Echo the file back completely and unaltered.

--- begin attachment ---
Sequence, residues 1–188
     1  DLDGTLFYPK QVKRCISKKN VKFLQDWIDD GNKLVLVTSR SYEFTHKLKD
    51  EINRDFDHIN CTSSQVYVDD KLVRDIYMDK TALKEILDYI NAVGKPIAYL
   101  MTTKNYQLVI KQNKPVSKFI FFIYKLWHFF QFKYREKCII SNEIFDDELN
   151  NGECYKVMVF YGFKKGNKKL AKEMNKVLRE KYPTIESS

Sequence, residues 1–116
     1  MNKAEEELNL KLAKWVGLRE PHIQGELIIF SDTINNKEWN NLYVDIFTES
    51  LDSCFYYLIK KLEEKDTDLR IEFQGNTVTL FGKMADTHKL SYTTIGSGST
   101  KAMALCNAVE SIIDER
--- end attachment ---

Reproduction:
Sequence, residues 1–188
     1  DLDGTLFYPK QVKRCISKKN VKFLQDWIDD GNKLVLVTSR SYEFTHKLKD
    51  EINRDFDHIN CTSSQVYVDD KLVRDIYMDK TALKEILDYI NAVGKPIAYL
   101  MTTKNYQLVI KQNKPVSKFI FFIYKLWHFF QFKYREKCII SNEIFDDELN
   151  NGECYKVMVF YGFKKGNKKL AKEMNKVLRE KYPTIESS

Sequence, residues 1–116
     1  MNKAEEELNL KLAKWVGLRE PHIQGELIIF SDTINNKEWN NLYVDIFTES
    51  LDSCFYYLIK KLEEKDTDLR IEFQGNTVTL FGKMADTHKL SYTTIGSGST
   101  KAMALCNAVE SIIDER